Fundraiser finds a PAL for charity

Sal Felice, Wade Jacobson, Mitch Burley and Jason Kerns will represent Hollister along with others at Friday’s PAL basketball game against former Bay Area professional athletes. Photo by Nick Lovejoy

There’s no question the San Benito County Police Activities League does great work, partnering with cities to bring such programs as the wildly successful Junior Giants, United States Tennis Association H.I.T.S. program and countless other athletic and educational opportunities for youth.
However, the PAL depends on public support—both monetarily and volunteers—to keep everything afloat. On Friday, the San Benito County PAL presents its biggest fundraising event of the year, a basketball game pitting San Benito County PAL against celebrity All Stars.
Tip-off is scheduled for 7:30 p.m. at San Benito High. Doors open at 6:30, and the admission/donation is $20. Proceeds from the game go to the PAL and its programs, including gang resistance.
“It’s a great event,” said Mitch Burley, one of the top players on the PAL team, the San Benito High girls basketball coach and an active player in the Hollister Recreation League. “Last year’s game was well attended, and it’s always nice when people can come out and support the PAL.”
Some of the other notable names on the PAL roster include Anthony Butler, Wade Jacobsen, Sal Felice and Jason Kearns. The one confirmed attendee for the celebrity All Stars is Ruthie Bolton, a former Olympian and WNBA star.
“Ruthie can shoot the lights out,” Felice said. “The daylight she needs to get a shot off from 20 feet is not very much. I guarded her a lot last year, and she filled it up on me pretty good. There’s no shame in that—she’s got bigger guns (arms) than me.”
Ultimately, though, the event focuses on family and community.
“None of us want to lose, but at the same time we understand why we’re out there,” Felice said. “We’re playing for a good cause. When we did the game last year, I was hoping I would be asked to come back and play. It’s a fun time.”
“It was a great atmosphere last year,” said Al De Vos, who is the director/treasurer of the SBC PAL. “There was a lot of excitement, and it was family oriented. Toward the end of the game, the kids got a chance to play.”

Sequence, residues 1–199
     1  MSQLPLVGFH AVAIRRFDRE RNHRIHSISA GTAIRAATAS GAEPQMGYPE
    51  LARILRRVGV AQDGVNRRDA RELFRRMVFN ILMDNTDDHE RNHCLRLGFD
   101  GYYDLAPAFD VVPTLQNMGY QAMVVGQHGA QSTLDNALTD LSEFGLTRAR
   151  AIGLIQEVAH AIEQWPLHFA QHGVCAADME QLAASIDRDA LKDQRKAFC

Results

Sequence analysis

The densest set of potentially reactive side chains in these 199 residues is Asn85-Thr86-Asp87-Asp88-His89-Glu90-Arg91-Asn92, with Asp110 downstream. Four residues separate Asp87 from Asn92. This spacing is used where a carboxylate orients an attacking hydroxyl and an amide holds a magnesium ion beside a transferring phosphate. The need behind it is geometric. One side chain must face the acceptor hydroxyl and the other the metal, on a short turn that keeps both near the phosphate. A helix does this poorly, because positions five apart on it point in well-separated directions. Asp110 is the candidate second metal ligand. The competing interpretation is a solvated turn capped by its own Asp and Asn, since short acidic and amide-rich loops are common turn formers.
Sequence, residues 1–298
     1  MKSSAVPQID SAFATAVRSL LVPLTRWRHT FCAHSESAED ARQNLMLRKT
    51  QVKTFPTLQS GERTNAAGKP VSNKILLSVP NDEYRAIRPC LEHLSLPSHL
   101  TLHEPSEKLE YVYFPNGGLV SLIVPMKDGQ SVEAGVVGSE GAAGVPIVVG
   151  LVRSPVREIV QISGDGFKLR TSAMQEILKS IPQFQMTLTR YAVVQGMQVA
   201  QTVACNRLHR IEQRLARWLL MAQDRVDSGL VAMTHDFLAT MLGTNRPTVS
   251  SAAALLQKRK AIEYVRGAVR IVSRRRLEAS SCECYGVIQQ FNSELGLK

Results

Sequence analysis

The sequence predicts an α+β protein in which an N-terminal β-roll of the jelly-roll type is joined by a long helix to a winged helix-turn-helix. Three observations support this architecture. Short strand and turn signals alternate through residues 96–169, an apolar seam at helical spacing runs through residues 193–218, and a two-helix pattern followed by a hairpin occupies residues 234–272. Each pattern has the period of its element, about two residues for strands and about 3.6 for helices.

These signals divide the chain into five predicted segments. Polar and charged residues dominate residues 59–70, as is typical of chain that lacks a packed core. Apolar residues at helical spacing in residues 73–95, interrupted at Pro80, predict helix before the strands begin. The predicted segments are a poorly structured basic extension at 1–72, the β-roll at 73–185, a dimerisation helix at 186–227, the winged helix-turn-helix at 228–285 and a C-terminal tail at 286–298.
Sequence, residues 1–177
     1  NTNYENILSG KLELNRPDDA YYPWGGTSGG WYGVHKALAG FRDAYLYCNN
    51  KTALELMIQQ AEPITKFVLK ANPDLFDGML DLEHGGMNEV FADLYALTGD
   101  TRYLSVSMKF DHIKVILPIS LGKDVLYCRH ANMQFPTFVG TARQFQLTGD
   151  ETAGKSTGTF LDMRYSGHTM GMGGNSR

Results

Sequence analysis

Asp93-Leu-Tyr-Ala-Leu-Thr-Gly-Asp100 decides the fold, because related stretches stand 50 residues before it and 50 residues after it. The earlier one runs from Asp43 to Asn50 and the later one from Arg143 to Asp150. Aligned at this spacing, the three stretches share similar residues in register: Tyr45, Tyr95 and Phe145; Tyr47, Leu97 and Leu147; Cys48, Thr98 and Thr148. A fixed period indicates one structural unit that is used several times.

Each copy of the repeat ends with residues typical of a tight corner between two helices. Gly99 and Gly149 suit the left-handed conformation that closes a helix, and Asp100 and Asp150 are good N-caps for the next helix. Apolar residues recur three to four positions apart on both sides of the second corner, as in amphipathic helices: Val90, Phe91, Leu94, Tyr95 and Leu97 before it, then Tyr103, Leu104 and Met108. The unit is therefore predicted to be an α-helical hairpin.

The SBC PAL works in partnership with Hollister to provide programs like Junior Giants, which as of two weeks ago had already registered a whopping 640 kids for the upcoming season, with more sign-ups to come. Participation is free. A year ago, 540 kids signed up to participate in Junior Giants.
“We try to eliminate barriers to participation,” De Vos said. “It’s against pay to play. We tapped into a need for the community to have a place where kids can play and have the gear provided for them and not have to pay fees.”
What makes the Junior Giants program so interactive is the fact that many of the kids’ parents and their relatives are volunteers in the program. That gives the community a sense of ownership.
“Junior Giants is a win-win all the way around,” De Vos said. “Junior Giants provide the training and resources for adults. So we’re weaving the fabric of the community together. That’s what the PAL is all about—creating more community.”
De Vos said the H.I.T.S. program has also been a smashing success. Kids gather three times a week at the newly repaved tennis courts at Dunne Park to take part in drills, matches and learning programs. The H.I.T.S. program is the tennis version of Junior Giants.
“They have very good drills for kids in different age groups,” De Vos said. “They use neutral/zero pressure balls—they are bigger and have less pressure, so it’s easier to control (a shot).”
SBC PAL programs educate kids in a variety of ways, including teamwork, gang resistance and health.

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